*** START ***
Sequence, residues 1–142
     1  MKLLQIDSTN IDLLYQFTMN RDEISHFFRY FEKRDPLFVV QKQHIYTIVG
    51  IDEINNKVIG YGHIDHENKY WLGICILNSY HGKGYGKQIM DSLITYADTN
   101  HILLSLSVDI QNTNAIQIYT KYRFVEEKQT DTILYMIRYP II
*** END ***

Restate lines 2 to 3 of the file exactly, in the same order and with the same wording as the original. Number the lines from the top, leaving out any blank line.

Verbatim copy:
     1  MKLLQIDSTN IDLLYQFTMN RDEISHFFRY FEKRDPLFVV QKQHIYTIVG
    51  IDEINNKVIG YGHIDHENKY WLGICILNSY HGKGYGKQIM DSLITYADTN